His father died less than three weeks before I was born, while Martin died fifteen years before that, yet, through Dad’s many stories of both, I feel like I got to know both men well, and I’ve often felt one or the other’s presence in my life. Whether that’s because of Dad’s stories, or that their spirits were actually around, I’ll never know for sure, but there’s never been a question that I am of their blood. A psychic once told me that there was a spirit, an older man, who had been around me all of my life, looking out for me, like a guardian. Who knows how that stuff works? It turned out that I had many of Dad’s father’s traits, although I never was much of a salesman, myself, hard as I tried to be. I could never take the uncertainty of that profession. I always needed something more solid, more consistent, more structured.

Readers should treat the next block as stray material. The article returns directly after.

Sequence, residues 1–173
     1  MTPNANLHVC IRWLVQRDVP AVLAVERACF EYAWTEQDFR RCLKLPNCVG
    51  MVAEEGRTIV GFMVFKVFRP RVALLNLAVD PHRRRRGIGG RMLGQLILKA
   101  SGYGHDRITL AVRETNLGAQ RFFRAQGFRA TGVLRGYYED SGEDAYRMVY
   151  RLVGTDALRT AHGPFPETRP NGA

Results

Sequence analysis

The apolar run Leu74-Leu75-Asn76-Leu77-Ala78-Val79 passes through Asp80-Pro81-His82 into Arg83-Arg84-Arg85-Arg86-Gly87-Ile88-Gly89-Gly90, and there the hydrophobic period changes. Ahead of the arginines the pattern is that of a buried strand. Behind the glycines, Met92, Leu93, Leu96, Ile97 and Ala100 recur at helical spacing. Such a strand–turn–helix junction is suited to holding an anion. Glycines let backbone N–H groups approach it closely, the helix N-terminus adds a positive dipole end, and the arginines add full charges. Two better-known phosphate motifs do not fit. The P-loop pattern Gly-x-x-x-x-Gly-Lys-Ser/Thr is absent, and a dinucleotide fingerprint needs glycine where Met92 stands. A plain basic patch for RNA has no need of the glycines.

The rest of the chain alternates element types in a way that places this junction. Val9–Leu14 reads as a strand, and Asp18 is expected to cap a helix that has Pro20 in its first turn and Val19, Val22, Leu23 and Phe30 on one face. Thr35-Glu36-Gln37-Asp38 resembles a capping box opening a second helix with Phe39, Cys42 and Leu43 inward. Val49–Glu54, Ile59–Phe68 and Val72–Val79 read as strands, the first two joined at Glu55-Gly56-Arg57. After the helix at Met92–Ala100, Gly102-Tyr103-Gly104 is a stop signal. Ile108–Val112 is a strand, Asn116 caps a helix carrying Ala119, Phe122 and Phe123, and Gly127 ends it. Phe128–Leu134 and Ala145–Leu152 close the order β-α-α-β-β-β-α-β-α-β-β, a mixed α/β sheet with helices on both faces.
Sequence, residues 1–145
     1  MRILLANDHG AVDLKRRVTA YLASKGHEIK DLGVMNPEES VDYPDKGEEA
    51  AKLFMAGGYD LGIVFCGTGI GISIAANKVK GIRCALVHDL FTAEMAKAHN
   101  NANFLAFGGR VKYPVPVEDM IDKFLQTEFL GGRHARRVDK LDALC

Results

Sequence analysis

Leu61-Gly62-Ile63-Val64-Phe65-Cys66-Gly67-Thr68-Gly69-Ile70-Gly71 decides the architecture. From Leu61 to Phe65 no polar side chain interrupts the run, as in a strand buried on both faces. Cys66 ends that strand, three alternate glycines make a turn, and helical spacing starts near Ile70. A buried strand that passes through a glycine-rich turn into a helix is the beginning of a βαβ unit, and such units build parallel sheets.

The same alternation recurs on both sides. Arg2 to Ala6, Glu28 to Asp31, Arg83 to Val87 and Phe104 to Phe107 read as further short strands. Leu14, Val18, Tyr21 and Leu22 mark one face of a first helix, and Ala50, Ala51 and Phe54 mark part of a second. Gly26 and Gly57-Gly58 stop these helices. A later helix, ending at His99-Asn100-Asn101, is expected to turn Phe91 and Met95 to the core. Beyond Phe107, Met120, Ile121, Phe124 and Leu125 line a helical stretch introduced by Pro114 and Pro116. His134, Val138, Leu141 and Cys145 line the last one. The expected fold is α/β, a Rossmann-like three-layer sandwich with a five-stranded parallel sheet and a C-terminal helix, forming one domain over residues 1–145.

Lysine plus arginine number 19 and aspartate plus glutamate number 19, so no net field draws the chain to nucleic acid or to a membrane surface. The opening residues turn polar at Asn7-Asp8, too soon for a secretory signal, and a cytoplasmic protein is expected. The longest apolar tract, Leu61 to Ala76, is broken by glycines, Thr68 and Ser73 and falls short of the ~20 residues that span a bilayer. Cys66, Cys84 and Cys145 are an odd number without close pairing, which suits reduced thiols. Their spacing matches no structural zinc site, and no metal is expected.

• As I’ve grown older, I have come to really feel for Martin, not as the conservative old man who helped to raise and shape the views of my own father, but as the young boy who found himself stuck in a war. I, at times, have felt his spirit very strongly, the spirit of that boy, his confusion and frustration. He had been thirteen when the war broke out, and his step-father had formed, outfitted and trained a Zouave company in Pittsburgh, his two older brothers joining up and serving as First and Second Lieutenants of the company, his step-father assuming the role of company Captain. War fever was high, as everyone envisioned a glorious victory to quell the rebellion. It was all so exciting to young Martin, he wanted to join the company, too, to be with his brothers and stepfather. Everyone laughed and said “you’re much too young!” But Martin was a determined young lad. When the company set off across the state of Pennsylvania on a train, to join up with the rest of the Union forces and become Company K of the 61st Pennsylvania Volunteer Regiment, in August, 1861, a thirteen year old boy was stowed away on the train. By the time it reached Harrisburg, Martin was discovered. It was too late to try to send him back, then. He would get his wish. They would have to lie about his age and say that he was 16, not 13, and he was enlisted as a “musician”, a drummer.